Ford Motor Co. (F) - Get Ford Motor Company Report shares slumped Tuesday after analysts at Moody's Investors Service cut its credit rating to junk status, citing "considerable operating and market challenges" amid the carmaker's multi-billion restructuring plans.
Moody's lowered its headline rating on Ford to Ba1, one notch below investment grade status, marking the first time Ford's debt has been considered "junk" since it reclaimed a triple-B rating in 2012. Moody's said Ford's ongoing global restructuring plans will cost around $7 billion in cash -- and $11 billion in overall charges -- that will lead to negative free-cash flow over the next two years amid weakening global auto markets. Ford still holds investment grade ratings from Standard & Poor's and Fitch.
"The company does have a sound balance sheet and liquidity position from which to operate," Moody's said. "Ford now faces the challenge of addressing these operational problems as demand in major markets is softening, and as the auto industry is contending with an unprecedented pace of change relating to vehicle electrification, autonomous driving, ride sharing, and increasingly burdensome emission regulations."
"In addition to the restructuring initiatives, the Global Redesign plan will also include efforts to revitalize the China operations where Ford has already made notable progress in lowering costs," the ratings company added. "However, efforts to regain lost share, rebuild market presence, and restore meaningful profitability will be much more difficult to achieve because the Chinese auto market is becoming increasingly competitive, and near-term growth rates are likely to be much less robust than in the past."
Ford shares were marked 4.8% lower at the start of trading following the Moody's downgrade to indicate change hands at $9.10 each. That slide would trim the stock's year-to-date gain to around 19%.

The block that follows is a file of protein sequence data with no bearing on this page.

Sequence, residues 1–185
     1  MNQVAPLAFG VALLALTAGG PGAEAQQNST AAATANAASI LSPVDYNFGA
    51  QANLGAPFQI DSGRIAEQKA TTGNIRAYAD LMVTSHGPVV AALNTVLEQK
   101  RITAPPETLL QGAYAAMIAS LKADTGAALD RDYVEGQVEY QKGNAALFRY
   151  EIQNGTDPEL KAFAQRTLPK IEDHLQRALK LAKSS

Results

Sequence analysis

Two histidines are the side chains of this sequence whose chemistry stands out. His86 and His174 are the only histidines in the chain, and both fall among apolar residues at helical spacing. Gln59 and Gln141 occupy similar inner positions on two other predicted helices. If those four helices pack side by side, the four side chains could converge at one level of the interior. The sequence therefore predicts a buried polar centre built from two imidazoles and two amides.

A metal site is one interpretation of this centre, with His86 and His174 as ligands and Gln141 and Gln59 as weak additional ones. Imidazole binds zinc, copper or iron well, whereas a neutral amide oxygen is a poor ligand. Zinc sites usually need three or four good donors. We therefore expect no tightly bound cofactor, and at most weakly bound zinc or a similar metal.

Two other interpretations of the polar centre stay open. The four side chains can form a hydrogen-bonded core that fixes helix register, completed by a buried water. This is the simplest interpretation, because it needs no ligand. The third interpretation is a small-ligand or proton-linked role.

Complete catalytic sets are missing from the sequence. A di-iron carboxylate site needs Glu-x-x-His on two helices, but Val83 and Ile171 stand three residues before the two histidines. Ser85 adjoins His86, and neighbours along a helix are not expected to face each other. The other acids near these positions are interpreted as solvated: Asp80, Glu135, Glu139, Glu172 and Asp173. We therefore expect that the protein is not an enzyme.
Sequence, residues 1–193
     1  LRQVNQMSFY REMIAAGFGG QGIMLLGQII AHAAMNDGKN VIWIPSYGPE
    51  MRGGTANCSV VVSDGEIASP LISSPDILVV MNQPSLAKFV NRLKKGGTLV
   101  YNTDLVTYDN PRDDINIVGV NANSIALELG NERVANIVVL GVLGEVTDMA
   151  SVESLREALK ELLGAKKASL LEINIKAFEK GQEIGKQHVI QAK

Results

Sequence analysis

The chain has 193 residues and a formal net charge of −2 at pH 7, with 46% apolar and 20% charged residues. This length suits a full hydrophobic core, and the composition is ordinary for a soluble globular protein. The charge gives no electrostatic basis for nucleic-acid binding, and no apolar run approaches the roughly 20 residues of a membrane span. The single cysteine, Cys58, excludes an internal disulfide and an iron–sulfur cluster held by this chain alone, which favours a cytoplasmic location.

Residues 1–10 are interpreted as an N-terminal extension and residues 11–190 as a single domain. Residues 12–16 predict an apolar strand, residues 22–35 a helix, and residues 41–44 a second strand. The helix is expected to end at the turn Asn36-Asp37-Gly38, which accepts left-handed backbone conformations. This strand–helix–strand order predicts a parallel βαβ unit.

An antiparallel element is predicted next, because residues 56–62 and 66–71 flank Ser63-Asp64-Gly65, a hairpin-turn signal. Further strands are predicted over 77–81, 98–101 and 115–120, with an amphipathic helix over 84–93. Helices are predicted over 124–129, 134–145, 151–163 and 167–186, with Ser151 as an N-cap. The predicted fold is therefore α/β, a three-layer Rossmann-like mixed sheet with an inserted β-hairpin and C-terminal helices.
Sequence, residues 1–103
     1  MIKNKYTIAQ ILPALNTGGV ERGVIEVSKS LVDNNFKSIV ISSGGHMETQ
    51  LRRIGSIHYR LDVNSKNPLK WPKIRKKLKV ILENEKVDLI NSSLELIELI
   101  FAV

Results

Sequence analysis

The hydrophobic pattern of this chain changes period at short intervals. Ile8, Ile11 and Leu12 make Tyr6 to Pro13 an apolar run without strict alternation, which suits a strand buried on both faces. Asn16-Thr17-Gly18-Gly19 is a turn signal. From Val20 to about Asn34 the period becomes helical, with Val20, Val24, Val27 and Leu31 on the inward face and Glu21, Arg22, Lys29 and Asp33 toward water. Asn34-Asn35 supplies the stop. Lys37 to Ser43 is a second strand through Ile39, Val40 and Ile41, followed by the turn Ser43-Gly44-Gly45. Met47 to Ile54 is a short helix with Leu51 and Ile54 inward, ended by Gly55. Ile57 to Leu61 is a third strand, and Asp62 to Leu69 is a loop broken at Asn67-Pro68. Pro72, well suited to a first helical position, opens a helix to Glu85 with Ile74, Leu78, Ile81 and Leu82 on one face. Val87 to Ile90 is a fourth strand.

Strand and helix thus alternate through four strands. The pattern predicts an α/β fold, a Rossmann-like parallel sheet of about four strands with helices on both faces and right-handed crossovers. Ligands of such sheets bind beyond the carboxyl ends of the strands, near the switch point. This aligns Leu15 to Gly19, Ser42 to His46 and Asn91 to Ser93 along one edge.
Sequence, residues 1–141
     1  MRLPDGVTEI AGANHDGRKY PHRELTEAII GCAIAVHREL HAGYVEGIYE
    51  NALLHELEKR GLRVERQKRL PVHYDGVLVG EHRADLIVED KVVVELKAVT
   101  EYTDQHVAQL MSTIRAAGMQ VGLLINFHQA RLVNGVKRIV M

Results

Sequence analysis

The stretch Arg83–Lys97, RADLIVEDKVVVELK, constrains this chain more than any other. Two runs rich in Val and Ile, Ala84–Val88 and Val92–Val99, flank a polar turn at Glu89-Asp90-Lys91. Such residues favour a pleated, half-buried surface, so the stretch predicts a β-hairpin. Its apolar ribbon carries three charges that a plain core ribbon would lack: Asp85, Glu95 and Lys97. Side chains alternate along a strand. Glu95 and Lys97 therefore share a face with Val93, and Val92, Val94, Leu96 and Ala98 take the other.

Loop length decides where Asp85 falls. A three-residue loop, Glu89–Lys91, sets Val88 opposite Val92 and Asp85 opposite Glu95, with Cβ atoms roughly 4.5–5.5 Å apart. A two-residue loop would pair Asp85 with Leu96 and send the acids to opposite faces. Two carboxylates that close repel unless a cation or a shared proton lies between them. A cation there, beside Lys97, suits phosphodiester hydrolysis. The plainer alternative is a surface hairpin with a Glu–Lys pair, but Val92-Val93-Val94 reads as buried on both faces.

Ford shares have been under pressure since it posted weaker-than-expected second-quarter earnings of 28 cents a share on revenue of $38.9 billion and disappointed investors with a full-year profit outlook of between $1.20 and $1.35 a share.
Ford confirmed its trans-Atlantic alliance with Volkswagen AG (VLKAY) at the Detroit Auto Show earlier this year that will focus first on commercial vehicles but could later extend to electric and self-driving cars as markets in the world's two biggest economies continue to slow.
However, Ford is also slashing jobs and pulling back from key markets as the carmaker enters the final phase of its global restructuring plans.
"Ford is a family company and saying goodbye to colleagues is difficult and emotional," CEO Jim Hackett said in a company-wide email earlier this spring. "We have moved away from past practices in some regions where team members who were separated had to leave immediately with their belongings, instead giving people the choice to stay for a few days to wrap up and say goodbye."
Ford is planning to close plants in France and Wales, having already reduced production at facilities in Spain and German and shuttered a plant in Russia, in order to reach the 12,000 jobs cut target, nearly a quarter of its workforce, although the company said many will come from voluntary separation agreements.
Ford also announced in May that its 1.5-litre petrol engine plant in Bridgend, Wales, would shutdown in February of next year, a move that would likely mean the loss of around 1,500 jobs and cost the company $400 million in separation and termination payments. A further $250 million in non-cash charges, mostly linked to pension expenses.